Although the major corporate media outlets do not draw the link between climate change and the drought, African specialists on this phenomenon say that the increase in disasters such as floods, lack of rainfall and consequent crop failures can be attributed to the industrial policies of the so-called developed countries. Nonetheless, drought does not necessarily translate into famine, the inability of large sections of a population group to feed itself adequately. Famine in the modern world in largely derived from the unequal distribution of food and water resulting from underdevelopment brought on by capitalist relations of production.

Most of the affected countries in East Africa that are facing large-scale dislocation and starvation, have governments which are politically and economically dominated by world imperialism, led by the U.S. In Somalia, Ethiopia, Kenya and Djibouti, the U.S. supports the regimes that are now in power and provide them with assistance in the areas of military and security affairs.

In Somalia, the Transitional Federal Government (TFG) is subsidized by U.S. assistance to the tune of hundreds of millions per year. The TFG is propped-up militarily by the pro-U.S. regimes in Burundi and Uganda, which have 8,000 troops occupying the country to prevent the Al-Shabab Islamic resistance movement from seizing power.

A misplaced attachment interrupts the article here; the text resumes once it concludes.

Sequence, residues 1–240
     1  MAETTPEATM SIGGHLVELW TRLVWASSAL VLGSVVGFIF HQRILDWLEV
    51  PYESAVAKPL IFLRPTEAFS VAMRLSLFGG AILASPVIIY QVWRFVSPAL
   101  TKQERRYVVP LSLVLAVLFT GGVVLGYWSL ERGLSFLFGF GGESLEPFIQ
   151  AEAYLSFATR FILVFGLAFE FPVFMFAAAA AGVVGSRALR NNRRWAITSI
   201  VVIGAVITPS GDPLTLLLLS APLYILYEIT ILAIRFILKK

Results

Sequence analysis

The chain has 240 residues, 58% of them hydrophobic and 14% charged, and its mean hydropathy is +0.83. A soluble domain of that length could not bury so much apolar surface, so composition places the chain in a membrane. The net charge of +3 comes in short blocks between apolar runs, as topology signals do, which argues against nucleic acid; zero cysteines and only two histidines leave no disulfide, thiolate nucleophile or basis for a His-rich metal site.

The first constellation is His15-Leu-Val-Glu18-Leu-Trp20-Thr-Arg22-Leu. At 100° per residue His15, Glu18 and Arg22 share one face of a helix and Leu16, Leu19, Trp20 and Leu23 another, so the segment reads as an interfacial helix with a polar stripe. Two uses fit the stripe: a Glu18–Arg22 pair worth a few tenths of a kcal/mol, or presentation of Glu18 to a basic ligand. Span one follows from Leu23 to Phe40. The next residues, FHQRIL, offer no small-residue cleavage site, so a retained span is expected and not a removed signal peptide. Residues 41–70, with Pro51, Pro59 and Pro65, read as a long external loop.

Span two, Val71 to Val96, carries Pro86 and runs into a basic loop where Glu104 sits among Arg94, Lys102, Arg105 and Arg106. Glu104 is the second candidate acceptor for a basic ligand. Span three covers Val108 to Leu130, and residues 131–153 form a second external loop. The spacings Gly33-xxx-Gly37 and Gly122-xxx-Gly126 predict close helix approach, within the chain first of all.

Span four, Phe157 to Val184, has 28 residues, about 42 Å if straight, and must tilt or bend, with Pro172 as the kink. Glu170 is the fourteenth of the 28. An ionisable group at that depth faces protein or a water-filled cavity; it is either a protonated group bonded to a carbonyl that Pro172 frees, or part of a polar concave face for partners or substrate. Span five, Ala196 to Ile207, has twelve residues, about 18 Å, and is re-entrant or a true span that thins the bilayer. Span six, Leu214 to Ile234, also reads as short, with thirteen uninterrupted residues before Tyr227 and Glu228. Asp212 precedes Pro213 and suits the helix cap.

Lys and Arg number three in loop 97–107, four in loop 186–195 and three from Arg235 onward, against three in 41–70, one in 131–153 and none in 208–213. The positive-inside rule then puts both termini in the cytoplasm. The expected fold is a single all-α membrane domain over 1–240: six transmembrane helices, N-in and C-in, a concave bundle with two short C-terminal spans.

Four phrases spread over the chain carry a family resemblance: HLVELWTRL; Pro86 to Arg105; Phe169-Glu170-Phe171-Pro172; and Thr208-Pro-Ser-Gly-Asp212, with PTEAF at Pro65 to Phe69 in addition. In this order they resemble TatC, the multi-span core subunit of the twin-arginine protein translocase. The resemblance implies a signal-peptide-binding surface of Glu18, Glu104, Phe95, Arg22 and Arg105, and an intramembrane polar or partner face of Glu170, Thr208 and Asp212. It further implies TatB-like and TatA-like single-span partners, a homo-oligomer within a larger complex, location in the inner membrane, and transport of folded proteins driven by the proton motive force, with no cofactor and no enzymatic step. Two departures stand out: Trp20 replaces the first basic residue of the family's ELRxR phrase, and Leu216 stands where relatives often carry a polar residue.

The Meles Zenawi government in neighboring Ethiopia is largely subsidized militarily by the U.S. which has used the regime to occupy Somalia on its behalf. Ethiopia is one of the hardest hit areas in regard to the drought yet the U.S. partnership and assistance has not resulted in much success in feeding its population and maintaining stability.

According to the East African published in Kenya, “Perhaps no country in the region is as badly affected as Somalia. The Somalia Food Security and Nutrition Analysis Unit (FSNAU) estimates that 2.85 million people—a third of the population—are now in humanitarian crisis and in need of urgent assistance, an increase of 42.5 percent over the figure in December 2010.” (East African, July 10)

The Manila Bulletin noted that “Two successive failed rains have left approximately 11 million people living in remote areas across Southern Ethiopia, Northern Kenya, and Somalia facing famine because of food shortages. The lack of pasture water has led to deaths of cattle on a large scale, leaving families unable to cope with the loss of food and livelihood, according to Oxfam.” (MB, July 11)